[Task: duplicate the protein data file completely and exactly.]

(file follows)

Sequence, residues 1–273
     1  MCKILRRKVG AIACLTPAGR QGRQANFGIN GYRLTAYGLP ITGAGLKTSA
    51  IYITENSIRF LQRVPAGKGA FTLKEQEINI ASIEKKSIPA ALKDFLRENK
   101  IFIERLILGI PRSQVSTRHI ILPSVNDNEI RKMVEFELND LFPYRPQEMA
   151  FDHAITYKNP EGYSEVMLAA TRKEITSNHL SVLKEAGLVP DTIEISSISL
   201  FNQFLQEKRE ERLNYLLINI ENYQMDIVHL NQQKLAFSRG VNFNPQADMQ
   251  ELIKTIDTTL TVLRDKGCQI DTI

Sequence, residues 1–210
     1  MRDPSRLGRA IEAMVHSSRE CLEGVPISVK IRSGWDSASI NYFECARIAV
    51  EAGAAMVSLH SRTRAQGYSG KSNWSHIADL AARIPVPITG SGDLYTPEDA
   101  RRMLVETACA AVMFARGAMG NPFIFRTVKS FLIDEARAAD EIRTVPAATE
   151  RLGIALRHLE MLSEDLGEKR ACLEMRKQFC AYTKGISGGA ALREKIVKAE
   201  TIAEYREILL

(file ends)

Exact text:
Sequence, residues 1–273
     1  MCKILRRKVG AIACLTPAGR QGRQANFGIN GYRLTAYGLP ITGAGLKTSA
    51  IYITENSIRF LQRVPAGKGA FTLKEQEINI ASIEKKSIPA ALKDFLRENK
   101  IFIERLILGI PRSQVSTRHI ILPSVNDNEI RKMVEFELND LFPYRPQEMA
   151  FDHAITYKNP EGYSEVMLAA TRKEITSNHL SVLKEAGLVP DTIEISSISL
   201  FNQFLQEKRE ERLNYLLINI ENYQMDIVHL NQQKLAFSRG VNFNPQADMQ
   251  ELIKTIDTTL TVLRDKGCQI DTI

Sequence, residues 1–210
     1  MRDPSRLGRA IEAMVHSSRE CLEGVPISVK IRSGWDSASI NYFECARIAV
    51  EAGAAMVSLH SRTRAQGYSG KSNWSHIADL AARIPVPITG SGDLYTPEDA
   101  RRMLVETACA AVMFARGAMG NPFIFRTVKS FLIDEARAAD EIRTVPAATE
   151  RLGIALRHLE MLSEDLGEKR ACLEMRKQFC AYTKGISGGA ALREKIVKAE
   201  TIAEYREILL